California takes aim at 'ducks' to smooth move to green power

Reuters

By Braden Reddall

SAN FRANCISCO, Dec 23 (Reuters) - From Daffy to Donald, the animation studios of Southern California have long portrayed ducks as just for laughs, but a graphical incarnation of the bird making the rounds in the state's power sector is being taken very seriously indeed.

California plans to generate a third of its energy from renewable sources by 2020, and regulators use what has become known as a "duck chart" to demonstrate the challenge presented by saddling their grid with increasing amounts of constantly fluctuating solar power.

The chart derives its nickname from its resemblance to the profile of a duck floating on its belly in the water.

Volatility is a dirty word to those charged with ensuring the lights, televisions and air conditioners remain on - no matter what. So the power industry beyond California will observe closely how the state pulls off its goal of achieving one of the world's most ambitious renewable energy targets.

The duck chart tracks power requirements throughout a typical day, with a flat "tail" in the morning giving way to an ever-fattening belly by midday as solar generation peaks and therefore less power from other variable sources is required.

The "neck" then represents the steepening rise in power demand when people get home from work around sunset and solar output drops - presenting grid managers with huge challenges.

Developers of energy storage systems say they have the answer. By setting aside power for later, the duck belly can be flattened and the neck lowered; several startups are trying to cash in on the demand for storage this has created.

"We're seeing a number of companies that are starting to go commercial," said Jon Wellinghoff, a former chairman of the Federal Energy Regulatory Commission. "They're beyond the R&D stages. They're beyond the product development stages."

Wellinghoff, now at law firm Stoel Rives, said in an interview that companies to watch include Eos Energy Storage, liquid-metal battery maker Ambri, and saltwater electrolyte battery developer Aquion.

Others stepping up their game include Stem Inc - a Silicon Valley storage company that this month closed a second funding round for $15 million, with General Electric Co and Iberdrola SA as backers.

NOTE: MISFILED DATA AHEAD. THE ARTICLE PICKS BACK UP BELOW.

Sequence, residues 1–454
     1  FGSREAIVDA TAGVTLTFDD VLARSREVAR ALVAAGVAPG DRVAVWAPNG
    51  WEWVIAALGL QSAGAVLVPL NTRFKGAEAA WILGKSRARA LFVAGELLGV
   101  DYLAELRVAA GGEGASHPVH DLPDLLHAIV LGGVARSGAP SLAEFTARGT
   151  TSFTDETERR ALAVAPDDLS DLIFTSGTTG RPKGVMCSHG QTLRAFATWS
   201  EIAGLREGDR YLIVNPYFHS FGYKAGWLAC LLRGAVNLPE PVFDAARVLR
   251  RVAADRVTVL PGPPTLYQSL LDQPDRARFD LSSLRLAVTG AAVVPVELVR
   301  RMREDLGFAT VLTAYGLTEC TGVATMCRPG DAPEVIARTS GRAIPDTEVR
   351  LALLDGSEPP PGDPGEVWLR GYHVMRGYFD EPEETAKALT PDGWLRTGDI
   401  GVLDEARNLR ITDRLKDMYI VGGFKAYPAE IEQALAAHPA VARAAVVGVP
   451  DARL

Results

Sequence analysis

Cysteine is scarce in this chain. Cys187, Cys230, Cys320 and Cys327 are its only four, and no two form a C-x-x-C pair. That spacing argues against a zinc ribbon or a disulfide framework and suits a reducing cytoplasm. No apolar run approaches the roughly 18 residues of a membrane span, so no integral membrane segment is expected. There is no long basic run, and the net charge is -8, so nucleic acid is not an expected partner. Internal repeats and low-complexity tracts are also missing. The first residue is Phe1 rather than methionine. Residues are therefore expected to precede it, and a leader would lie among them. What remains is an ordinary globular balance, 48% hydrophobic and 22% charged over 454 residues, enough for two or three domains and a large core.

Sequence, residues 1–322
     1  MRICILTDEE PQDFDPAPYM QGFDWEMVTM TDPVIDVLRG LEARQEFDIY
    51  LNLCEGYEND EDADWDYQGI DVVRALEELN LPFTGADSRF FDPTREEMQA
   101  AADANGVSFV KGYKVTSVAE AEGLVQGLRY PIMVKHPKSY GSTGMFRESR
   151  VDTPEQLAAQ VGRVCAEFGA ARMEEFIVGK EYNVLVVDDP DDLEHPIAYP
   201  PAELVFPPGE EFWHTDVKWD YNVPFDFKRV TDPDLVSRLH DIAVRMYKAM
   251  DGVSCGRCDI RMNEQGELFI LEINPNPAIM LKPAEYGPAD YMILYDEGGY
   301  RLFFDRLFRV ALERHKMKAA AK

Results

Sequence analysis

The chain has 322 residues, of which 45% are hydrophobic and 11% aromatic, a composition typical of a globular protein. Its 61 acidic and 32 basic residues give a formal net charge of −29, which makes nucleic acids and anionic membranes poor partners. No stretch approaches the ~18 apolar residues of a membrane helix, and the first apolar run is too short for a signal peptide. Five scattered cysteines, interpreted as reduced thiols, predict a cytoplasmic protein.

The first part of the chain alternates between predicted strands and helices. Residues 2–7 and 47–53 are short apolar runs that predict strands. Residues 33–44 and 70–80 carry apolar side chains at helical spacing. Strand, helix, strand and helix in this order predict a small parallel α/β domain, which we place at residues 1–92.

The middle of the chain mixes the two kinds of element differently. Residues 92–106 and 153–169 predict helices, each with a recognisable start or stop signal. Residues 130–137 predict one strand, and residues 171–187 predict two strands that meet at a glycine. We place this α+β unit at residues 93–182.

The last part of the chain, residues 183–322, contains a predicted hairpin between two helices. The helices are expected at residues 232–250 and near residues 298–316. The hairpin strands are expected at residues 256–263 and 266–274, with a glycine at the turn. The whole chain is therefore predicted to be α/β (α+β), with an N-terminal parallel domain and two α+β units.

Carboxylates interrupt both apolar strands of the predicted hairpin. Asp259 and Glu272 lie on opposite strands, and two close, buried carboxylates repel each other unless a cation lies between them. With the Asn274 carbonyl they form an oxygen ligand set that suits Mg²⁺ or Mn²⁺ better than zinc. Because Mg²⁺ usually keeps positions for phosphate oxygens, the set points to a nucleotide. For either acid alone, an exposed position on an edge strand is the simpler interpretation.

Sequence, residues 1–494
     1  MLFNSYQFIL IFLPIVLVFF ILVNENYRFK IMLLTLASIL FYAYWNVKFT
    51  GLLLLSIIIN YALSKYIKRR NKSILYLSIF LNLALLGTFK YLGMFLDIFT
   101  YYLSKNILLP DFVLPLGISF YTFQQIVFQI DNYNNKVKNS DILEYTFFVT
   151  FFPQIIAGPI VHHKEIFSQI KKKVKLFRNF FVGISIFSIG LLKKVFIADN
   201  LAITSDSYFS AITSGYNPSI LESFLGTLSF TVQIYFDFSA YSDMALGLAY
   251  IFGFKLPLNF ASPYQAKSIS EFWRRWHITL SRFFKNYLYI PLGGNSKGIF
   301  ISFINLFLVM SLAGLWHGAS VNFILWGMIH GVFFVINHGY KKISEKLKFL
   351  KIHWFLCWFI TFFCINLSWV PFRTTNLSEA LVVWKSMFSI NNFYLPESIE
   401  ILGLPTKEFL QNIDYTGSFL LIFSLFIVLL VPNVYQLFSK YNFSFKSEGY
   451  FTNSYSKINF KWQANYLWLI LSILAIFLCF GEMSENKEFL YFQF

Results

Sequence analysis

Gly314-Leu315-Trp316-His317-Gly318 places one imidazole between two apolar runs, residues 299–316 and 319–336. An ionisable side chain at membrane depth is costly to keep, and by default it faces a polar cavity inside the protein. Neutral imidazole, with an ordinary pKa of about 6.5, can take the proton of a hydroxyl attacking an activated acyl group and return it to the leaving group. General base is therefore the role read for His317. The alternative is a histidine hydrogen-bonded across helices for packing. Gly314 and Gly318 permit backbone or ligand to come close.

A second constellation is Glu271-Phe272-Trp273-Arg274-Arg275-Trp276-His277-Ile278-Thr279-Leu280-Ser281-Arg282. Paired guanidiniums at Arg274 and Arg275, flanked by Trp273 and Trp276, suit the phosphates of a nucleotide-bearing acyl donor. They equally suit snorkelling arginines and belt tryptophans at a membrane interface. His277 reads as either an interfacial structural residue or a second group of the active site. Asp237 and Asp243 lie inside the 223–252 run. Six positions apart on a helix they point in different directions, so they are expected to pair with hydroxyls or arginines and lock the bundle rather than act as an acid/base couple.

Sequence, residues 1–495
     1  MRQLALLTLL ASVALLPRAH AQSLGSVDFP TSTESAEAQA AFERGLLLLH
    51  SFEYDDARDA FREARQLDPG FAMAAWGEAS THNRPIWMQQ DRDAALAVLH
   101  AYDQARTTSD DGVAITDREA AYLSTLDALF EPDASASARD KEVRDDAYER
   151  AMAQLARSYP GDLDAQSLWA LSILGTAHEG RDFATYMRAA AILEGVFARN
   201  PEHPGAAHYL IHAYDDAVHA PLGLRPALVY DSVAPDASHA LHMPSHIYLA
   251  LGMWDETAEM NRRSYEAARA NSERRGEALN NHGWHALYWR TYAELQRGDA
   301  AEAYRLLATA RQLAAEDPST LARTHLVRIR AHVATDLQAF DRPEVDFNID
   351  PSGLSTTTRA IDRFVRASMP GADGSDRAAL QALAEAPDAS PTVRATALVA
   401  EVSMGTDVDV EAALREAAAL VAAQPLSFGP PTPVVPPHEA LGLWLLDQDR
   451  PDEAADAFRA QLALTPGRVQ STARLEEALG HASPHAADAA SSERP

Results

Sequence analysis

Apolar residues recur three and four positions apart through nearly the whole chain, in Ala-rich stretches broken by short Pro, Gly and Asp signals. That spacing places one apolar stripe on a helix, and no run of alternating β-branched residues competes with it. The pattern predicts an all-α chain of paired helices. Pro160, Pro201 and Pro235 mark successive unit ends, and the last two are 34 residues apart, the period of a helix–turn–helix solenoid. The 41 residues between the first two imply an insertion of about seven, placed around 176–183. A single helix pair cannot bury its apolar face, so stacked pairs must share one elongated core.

Stem says that it has its eyes in particular on California's groundbreaking mandate for 1.3 gigawatts' worth of storage among its utilities, established this summer, which may prove a template for other places if it works.

"In any state, utilities are not known for their dynamism," said Audrey Fogarty of power management and storage firm Xtreme Power. "Setting a target sends a very clear signal."

OMINOUS CURVES

But the state has little time - California's Independent System Operator (Cal ISO) expects the duck belly will start growing fatter by 2015 as more renewable power comes online - implying that the afternoon draw on variable power will be even larger than it already is.

Such dramatic warnings prompted Neil Millar, an executive director at Cal ISO, to insist at the California Energy Summit this month that the chart is not "meant to scare people."

The ominously growing curves of the chart worry regulators and utilities, even if nobody really knows how to tackle it yet.

"I'm not going to talk about it," John Chillemi, head of the West region at power producer NRG Energy, said of the duck chart in a speech last month. "I just needed to tick the box that I included it in my presentation."

Two speakers following him at the Platts California Power and Gas Conference in San Francisco - one from rival AES Corp and the other from First Solar Inc - both acknowledged the chart's underlying importance by explaining that they had not, in fact, included it among their slides.

A division of AES says it is already making money off energy storage systems, which are commonly hailed as at least one solution to the duck-chart problem.

While Lucas Oehlerking of engineering firm Black & Veatch noted that storage costs are coming down, he said one barrier was extracting enough value from them to make them worth it. "Just because a system can perform it, doesn't mean the controllers are there to capture it or the markets are there."

American Vanadium Corp CEO Bill Radvak, whose company mines a metal highly touted for storage systems, said that development of the market would take time, even if all the enthusiasm for storage was driving good sales momentum now.

"Because everybody ignored it until a year ago, the pendulum is swinging - and may overswing."

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